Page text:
Cyclone Ita: 'It's coming in faster and bigger'

Tropical Cyclone Ita is on track to hit north Queensland later this evening. Photo / NOAA
Tropical Cyclone Ita is on track to hit north Queensland later this evening. Photo / NOAA

Cyclone Ita has been upgraded to a category five storm and its winds are shortly expected to begin lashing the north Queensland coast.


Winds of 100km/h could hit the region as early as Friday morning, with the worst cyclone since Yasi expected to hit somewhere between Cape Melville and Cape Tribulation on Friday night.

Are you a Kiwi in Ita's path? How are you preparing? Email us here.

"It's coming in faster and bigger than we first thought it was going to," Cook Shire Mayor Peter Scott said while boarding up windows of his family home on Thursday.

Ita was 285km off the mainland last night and the weather bureau says it poses a "significant threat" to far northern communities.

It's expected to bring gales up to 280 km/h, heavy rain and storm surges when it hits the coast, with 9000 people directly in its path.

Cooktown locals were making an early morning dash to their service station as the town braces for its first major cyclone in 65 years.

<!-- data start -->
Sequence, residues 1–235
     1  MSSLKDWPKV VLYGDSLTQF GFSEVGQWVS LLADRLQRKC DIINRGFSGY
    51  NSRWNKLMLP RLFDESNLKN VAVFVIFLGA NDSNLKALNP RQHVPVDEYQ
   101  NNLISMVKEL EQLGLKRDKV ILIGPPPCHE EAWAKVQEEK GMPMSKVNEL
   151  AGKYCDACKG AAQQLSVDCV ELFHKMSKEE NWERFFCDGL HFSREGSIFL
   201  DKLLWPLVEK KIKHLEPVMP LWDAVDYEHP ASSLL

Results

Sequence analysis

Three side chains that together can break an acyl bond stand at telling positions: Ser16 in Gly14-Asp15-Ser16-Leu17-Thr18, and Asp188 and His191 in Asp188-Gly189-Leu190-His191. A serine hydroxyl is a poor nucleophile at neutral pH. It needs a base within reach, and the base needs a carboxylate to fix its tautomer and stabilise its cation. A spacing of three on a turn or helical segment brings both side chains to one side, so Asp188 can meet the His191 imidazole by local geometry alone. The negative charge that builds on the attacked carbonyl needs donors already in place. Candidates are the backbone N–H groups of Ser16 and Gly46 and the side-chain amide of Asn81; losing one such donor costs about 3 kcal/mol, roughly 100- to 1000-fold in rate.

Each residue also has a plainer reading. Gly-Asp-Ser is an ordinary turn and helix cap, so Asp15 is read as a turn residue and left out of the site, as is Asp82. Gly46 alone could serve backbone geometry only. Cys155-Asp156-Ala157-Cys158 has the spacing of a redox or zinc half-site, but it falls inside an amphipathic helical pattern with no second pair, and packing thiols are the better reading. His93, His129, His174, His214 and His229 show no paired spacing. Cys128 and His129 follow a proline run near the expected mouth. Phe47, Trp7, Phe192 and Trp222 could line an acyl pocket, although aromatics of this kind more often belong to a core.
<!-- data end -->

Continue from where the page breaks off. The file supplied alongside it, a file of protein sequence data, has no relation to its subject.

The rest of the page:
Ita was 235km northeast of the town at 6am, as some 28 people spent the night in the local cyclone shelter.

Cooktown, north of the World Heritage-listed Daintree National Park, was last battered by a cyclone in February 1949.

Locals were rushing to the local service station for supplies as strong winds and heavy rain drenched the town of about 2300 people soon after daybreak.

It is understood Cooktown's main store is closing its doors soon, while most homes in the area are either boarded up or have tape on the windows.

A cyclone warning is place from Lockhart River to Innisfail, extending hundreds of kilometres inland, and a cyclone watch alert is current from Innisfail to Cardwell.

"I've heard it's going to intensify and it's going to get really scary," Dottie Bostoch told AAP as she made her makeshift bed in the Cooktown shelter last night.

Ms Bostoch, 77, who took her dog Leo along to the shelter, said she feared her house would cave in when the potentially destructive winds hit.

Bruce Jenkins, 68, also spent the night at the centre with his cat Busta.

"I get all jittery when there's a cyclone and so does my cat," he said.

Others in Cooktown spent yesterday boarding up their homes, clearing yards and stocking up on supplies.

The weather bureau says while Ita was intense, it's a smaller system and would move slower than category five Cyclone Yasi in 2011 and category four Cyclone Larry in 2006.


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